If you’re thinking about becoming a dermatologist or just want to learn more about the medical specialty of dermatology, you’ve come to the perfect spot! We have firsthand expertise with this subject as a medical school with students on Dermatology clinical rotations! If you want to help individuals achieve and maintain good skin, you might want to consider dermatology as a career option. You may identify and treat skin problems as a dermatologist, allowing patients to look and feel their best. Dermatology, like other medical specialties, is a high-demand career. According to the U.S. Bureau of Labor Statistics, physician and surgeon careers, which includes dermatologists, are growing at a slower rate than the national average, with 24,800 new positions expected to be created nationally between 2020 and 2030—a growth rate of 3%, which is lower than the national average (Bureau of Labor Statistics 2021).
Dermatologists can operate in a variety of settings, including group practices, healthcare organizations, hospitals, academic institutions, and outpatient clinics. To become a dermatologist, you’ll need to complete years of college, medical residencies, and licensure exams, just like any other medical profession.
A year of fellowship or residency study is required for those who desire to specialize in a specific field of dermatology. Board certification is the last credential for any medical doctor, and it demands continued medical education and recertification every ten years in dermatology.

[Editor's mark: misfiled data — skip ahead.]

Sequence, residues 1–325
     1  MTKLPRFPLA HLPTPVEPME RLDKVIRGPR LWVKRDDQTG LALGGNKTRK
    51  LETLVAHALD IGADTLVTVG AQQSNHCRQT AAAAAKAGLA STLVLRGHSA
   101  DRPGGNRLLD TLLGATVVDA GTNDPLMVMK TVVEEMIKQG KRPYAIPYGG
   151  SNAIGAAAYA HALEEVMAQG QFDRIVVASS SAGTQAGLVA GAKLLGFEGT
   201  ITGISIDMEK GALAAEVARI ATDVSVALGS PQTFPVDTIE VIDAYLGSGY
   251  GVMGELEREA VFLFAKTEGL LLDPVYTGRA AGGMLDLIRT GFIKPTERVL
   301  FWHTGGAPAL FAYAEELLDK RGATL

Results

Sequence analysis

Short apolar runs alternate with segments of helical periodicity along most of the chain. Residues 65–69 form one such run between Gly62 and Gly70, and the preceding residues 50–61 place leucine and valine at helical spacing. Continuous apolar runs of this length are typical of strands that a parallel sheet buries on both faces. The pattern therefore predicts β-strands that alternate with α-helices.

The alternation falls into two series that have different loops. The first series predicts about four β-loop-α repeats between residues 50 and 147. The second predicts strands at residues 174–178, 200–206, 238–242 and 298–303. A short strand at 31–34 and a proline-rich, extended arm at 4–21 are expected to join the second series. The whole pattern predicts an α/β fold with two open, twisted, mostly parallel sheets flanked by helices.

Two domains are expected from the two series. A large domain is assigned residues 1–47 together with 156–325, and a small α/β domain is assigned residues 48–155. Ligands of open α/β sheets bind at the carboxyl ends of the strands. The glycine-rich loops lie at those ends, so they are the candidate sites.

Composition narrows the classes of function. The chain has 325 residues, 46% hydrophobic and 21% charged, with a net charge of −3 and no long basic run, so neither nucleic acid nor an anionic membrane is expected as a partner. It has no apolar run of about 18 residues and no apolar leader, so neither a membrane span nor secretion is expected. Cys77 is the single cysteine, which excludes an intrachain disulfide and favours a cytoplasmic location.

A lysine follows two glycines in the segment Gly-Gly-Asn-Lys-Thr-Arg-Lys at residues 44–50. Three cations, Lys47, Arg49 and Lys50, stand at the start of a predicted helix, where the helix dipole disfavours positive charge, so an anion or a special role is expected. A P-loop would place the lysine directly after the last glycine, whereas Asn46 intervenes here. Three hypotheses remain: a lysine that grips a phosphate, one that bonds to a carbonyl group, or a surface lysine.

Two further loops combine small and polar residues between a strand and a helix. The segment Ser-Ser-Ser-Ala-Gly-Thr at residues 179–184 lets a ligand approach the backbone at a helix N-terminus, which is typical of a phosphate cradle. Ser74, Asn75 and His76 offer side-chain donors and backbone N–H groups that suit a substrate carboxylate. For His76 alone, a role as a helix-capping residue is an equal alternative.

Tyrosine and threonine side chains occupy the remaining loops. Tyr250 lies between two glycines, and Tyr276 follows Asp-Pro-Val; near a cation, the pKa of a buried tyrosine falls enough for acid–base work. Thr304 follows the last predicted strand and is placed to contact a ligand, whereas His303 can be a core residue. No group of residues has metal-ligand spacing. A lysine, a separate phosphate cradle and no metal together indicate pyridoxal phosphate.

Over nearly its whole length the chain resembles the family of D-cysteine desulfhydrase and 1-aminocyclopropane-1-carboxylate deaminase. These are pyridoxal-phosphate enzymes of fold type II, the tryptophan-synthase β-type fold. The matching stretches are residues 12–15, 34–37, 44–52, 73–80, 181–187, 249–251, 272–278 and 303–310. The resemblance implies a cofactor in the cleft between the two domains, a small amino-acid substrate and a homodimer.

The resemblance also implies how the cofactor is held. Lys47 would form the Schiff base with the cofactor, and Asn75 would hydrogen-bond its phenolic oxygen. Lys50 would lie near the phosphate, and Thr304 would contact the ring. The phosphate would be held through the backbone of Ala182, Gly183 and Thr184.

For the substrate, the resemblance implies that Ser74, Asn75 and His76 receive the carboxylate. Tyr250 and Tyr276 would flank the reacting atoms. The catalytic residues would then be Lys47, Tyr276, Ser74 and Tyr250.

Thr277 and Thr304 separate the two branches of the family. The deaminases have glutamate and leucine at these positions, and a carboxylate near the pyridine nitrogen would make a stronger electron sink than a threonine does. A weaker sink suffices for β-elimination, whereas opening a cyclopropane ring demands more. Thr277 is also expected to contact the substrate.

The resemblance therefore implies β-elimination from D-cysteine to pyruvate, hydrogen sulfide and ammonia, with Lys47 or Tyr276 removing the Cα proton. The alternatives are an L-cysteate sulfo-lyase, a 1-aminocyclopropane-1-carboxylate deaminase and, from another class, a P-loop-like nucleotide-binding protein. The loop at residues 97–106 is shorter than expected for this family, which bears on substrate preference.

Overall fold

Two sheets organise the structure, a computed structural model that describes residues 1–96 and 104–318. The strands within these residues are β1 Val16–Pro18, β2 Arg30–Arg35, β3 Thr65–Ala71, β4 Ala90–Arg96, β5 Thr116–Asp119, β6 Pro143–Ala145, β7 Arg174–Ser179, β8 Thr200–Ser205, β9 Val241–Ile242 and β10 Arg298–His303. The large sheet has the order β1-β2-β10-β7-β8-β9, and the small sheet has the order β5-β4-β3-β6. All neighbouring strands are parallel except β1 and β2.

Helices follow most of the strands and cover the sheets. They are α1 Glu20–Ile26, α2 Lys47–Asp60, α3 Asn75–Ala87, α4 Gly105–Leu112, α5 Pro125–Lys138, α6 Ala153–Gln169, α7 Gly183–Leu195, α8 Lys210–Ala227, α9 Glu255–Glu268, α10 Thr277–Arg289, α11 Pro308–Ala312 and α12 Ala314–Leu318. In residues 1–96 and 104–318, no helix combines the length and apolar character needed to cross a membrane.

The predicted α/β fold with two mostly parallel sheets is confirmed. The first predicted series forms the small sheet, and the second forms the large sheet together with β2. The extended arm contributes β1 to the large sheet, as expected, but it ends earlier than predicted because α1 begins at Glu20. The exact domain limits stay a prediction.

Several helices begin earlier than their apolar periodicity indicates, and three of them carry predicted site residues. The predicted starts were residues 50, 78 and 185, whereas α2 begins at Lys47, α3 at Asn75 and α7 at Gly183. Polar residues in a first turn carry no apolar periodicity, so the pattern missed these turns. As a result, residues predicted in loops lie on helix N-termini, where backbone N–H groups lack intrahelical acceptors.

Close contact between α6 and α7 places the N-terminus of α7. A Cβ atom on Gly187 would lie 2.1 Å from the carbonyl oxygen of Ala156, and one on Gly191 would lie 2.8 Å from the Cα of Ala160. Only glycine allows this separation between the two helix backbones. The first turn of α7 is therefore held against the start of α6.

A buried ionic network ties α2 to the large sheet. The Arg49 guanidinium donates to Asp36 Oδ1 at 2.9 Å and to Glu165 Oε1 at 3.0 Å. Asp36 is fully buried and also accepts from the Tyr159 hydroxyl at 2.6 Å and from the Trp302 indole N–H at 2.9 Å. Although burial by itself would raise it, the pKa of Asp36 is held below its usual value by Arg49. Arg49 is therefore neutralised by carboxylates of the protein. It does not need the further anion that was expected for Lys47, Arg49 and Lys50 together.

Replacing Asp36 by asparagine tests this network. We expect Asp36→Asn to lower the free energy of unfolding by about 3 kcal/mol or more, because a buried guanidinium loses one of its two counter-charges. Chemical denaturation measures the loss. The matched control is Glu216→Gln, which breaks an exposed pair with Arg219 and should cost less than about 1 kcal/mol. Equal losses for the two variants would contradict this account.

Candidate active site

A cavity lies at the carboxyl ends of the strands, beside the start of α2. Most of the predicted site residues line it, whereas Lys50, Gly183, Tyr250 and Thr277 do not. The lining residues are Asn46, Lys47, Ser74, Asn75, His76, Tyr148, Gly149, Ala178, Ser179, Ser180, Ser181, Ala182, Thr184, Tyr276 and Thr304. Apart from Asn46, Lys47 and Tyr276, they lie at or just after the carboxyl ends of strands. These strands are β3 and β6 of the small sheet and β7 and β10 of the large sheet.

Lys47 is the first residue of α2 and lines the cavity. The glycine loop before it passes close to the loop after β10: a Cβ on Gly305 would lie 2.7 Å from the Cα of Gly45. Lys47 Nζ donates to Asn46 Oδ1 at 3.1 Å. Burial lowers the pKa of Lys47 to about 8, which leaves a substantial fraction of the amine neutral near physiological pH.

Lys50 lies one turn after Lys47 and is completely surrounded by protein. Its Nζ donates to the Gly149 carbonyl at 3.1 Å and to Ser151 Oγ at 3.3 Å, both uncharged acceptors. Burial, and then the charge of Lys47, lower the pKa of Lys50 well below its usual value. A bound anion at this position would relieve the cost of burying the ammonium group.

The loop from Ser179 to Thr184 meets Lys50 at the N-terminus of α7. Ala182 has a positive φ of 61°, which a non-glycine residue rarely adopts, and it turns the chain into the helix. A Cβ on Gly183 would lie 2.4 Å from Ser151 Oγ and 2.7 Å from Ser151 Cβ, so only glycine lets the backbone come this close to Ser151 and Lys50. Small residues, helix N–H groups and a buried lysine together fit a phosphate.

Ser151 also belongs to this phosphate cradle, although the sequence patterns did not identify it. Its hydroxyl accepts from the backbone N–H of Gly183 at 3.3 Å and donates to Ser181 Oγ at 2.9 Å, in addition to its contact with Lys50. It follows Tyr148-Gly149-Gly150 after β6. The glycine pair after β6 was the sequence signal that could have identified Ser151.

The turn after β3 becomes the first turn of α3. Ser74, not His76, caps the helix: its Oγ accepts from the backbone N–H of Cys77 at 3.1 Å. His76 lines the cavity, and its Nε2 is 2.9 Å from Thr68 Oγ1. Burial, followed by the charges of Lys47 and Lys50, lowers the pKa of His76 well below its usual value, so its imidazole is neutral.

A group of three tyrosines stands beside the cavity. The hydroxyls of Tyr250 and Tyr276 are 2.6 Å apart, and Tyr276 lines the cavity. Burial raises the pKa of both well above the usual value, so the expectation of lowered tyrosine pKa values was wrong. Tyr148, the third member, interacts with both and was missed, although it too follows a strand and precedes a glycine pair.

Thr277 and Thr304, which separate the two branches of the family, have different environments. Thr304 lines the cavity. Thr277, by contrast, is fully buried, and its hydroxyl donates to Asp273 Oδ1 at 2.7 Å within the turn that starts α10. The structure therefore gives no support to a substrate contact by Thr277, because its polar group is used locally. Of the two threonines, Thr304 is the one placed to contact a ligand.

We’ll go over what a dermatologist does, how to become one, and some frequently asked questions about the field in this post.
What Is a Dermatologist?
A dermatologist is an Allopathic (M.D.) or Osteopathic (D.O.) physician who has completed a one-year internship followed by a three-year residency in dermatology. They are experts in the diagnosis and treatment of diseases affecting the skin, nails, hair, and mucous membranes. Dermatologists are referred to as “skin doctors” by the general public. Dermatologists have a high degree of education and training to offer patients with proper medical skincare because the skin is the largest organ on the human body.
What Is the Role of a Dermatologist?
Dermatologists are doctors who specialize in skin problems such as acne and cancer. They also diagnose and treat hair and nail problems. Dermatologists are in charge of the following duties:
* Meeting with patients to assess skin, hair, and nail problems: they take down medical histories, examine patients, look for abnormalities, and talk about diagnoses.
* Creating treatment plans for patients: Dermatologists may prescribe drugs, remove abnormalities such as warts, perform surgery to eliminate concerns such as moles, or take biopsies to conduct additional research and diagnosis, depending on the diagnosis.
* Treating cosmetic issues such as aging and birthmarks: Dermatologists utilize lasers to treat birthmarks, Botox to cure wrinkles, and skin grafting to aid patients with severe scarring.
* Performing follow-up examinations or treatments: Many dermatological treatments require numerous appointments to complete, and dermatologists must track patient progress in order to appropriately address patients’ concerns.
The most common causes for a person to consult a Dermatologist, according to the Centers for Disease Control and Prevention (CDC), are:
* Acne or blemishes on the skin